If you’ve been to a presentation, you’ll find that part of the presenter’s agenda is to take questions at the end. Which means you make your presentation, and then you call for questions—just in case someone needs something clarified or in case your presentation has raised some questions.
But do you have to take questions?
Well many presenters do ask for questions. And the question zone is fine, but it can quickly slow down the pace. All that build up that you’ve done over the past 30-45 minutes can go down in flames in a second. This is because the question phase is completely unpredictable. The audience may have lots of questions. They may have no questions.
If they have lots of questions…
That’s technically a good sign. It means they’re really interested in the topic. But don’t be fooled by the raising of hands. It could well mean that you have so many holes in your presentation, that you’ve generated a whole bunch of questions that have been unanswered.
Hmm…Now you not only have to think quickly but also have to give a completely coherent answer in a matter of seconds.
And there’s always the question from left field.
A question that’s so weird, or so confrontational, that you’re in massive trouble instantly. There’s no telling who’s in your audience. And sometimes some overly smart character can take apart your carefully crafted presentation in a matter of seconds.
You know the kind I’m talking about. He stands up. He asks this weird question and then you’re stuck. You can’t always think that quickly on your feet. And sometimes the question is so bizarre that if you gave an answer it could compromise your material or your position. It could make you look stupid. Or pompous. Or distracted. There’s no telling how the audience may perceive your answer.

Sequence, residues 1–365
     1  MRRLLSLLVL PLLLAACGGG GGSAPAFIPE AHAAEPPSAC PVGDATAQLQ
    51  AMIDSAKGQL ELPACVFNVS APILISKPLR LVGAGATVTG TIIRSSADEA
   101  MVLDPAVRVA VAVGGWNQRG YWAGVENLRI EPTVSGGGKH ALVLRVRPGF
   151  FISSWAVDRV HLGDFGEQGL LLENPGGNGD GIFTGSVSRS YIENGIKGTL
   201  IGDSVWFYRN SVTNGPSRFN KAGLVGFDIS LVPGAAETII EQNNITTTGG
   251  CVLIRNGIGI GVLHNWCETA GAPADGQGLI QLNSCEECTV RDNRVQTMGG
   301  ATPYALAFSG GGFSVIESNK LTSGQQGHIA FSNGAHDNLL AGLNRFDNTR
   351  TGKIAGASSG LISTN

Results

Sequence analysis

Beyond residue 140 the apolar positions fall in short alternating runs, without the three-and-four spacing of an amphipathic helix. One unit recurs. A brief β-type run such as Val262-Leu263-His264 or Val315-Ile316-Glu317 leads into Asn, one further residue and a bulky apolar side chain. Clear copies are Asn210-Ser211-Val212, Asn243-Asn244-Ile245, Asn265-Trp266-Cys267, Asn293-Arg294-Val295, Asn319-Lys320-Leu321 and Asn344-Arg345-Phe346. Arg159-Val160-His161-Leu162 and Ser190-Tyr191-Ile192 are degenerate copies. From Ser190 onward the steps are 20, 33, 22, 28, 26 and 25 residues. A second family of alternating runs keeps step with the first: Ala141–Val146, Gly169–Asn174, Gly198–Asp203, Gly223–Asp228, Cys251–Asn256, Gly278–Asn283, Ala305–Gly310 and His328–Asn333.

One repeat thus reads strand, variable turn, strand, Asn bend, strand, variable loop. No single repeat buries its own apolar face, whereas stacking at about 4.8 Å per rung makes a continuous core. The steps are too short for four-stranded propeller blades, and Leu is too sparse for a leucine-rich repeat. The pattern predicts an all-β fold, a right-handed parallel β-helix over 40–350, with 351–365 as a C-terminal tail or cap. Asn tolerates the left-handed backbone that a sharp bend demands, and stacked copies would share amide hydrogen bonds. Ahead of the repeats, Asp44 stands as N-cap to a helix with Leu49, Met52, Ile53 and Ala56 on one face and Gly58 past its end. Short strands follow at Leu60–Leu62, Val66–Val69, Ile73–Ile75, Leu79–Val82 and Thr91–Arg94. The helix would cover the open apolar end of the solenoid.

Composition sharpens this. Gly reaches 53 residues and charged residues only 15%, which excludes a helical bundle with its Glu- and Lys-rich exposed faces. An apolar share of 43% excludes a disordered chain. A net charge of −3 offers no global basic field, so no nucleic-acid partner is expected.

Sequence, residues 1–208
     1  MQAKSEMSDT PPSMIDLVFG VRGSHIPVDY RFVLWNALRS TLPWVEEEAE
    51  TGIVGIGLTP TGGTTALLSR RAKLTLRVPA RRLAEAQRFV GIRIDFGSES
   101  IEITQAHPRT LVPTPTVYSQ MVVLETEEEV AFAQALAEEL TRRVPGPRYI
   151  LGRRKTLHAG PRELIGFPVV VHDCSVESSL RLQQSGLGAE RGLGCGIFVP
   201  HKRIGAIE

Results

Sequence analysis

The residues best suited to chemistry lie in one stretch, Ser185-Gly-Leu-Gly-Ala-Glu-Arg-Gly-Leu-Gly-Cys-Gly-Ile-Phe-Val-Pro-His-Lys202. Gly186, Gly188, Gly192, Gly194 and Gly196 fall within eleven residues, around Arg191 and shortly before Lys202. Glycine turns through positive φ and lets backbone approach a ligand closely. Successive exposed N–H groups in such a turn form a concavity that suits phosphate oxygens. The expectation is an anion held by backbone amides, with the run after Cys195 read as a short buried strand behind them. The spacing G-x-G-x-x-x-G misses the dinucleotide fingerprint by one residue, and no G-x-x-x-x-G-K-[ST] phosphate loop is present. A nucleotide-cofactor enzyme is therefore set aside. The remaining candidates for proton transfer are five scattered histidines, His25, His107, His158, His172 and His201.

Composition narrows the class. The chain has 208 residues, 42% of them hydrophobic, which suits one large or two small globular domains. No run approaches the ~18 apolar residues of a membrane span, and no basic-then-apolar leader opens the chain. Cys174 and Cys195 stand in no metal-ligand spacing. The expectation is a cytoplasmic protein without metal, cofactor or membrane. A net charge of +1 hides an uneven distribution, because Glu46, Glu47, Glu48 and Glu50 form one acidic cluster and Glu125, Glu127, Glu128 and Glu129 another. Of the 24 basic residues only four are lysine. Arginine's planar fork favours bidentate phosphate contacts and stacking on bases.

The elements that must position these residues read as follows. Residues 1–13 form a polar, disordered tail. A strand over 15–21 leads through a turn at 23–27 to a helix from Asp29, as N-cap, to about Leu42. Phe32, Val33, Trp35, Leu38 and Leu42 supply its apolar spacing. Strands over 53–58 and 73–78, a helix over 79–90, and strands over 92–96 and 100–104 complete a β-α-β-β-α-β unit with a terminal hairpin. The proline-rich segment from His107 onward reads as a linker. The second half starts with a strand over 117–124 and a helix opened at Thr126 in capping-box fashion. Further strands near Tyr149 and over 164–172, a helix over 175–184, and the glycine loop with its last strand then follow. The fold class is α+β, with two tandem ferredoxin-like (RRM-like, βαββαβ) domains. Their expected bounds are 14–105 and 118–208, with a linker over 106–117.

In effect you’re stuffed.
I totally encourage questions in a situation where I’m doing something like a workshop or training. If that’s what you’re doing, then fine, go ahead and have the question session. This is because the pace of a workshop session is completely different from a sales presentation.
If you’re selling an idea, product or service at the end of your presentation, then you have a problem because one of those random questions could be an arrow aimed straight at your heart.
And it could be worse: You could get no questions.
Have you ever stood on a podium repeatedly asking for questions? You’re sweating and your audience is sitting in stunned silence.
You’ve lost the momentum. That sweat is going to severely impact your ability to segue into the next section and sell whatever it is you’re selling.
And it changes the mood in the room as well. In any case (and I’m repeating myself here) questions are a super-momentum killer. The whole situation is extremely volatile, and good luck to you if you choose to do the question-session anyway.
My advice to you is pace your presentation to the finish—and ditch the questions
But what if you’re required to “take questions”? There are weird rules for every event, and who knows: You may have some clause in your contract that says you need to take questions.
The way I work around it, is that I say in my agenda: “If you have questions, write them down. If we have time, I’ll take the questions. If we run out of time, I’ll be happy to answer your questions in the lobby after this presentation”.
And no I don’t scamper from the lobby.
I’m always around to answer questions. But I’ve never known a presentation where you have surplus time. In every instance, it’s a battle against the clock.
And if you’re dedicated to your audience, you’ll stick around in the lobby. I will often be in the lobby for an hour or more and then available through the day. You may not be that much of an extrovert. You may want to make your presentation and scamper. I would advise you to reconsider that policy.
Even 10-15 minutes in the lobby isn’t going to kill you. You can stick around for a little while. And then head back to your room, your plane or wherever you need to be next.Every presentation no matter how perfect is going to have some gaps. And every presentation may bring up questions. You’re not obliged to answer the questions as part of the presentation.
Sidestep the questions. It’s good policy, believe me.
Next Step: “My first meeting with a client used to be nothing more than a presentation of my portfolio.”
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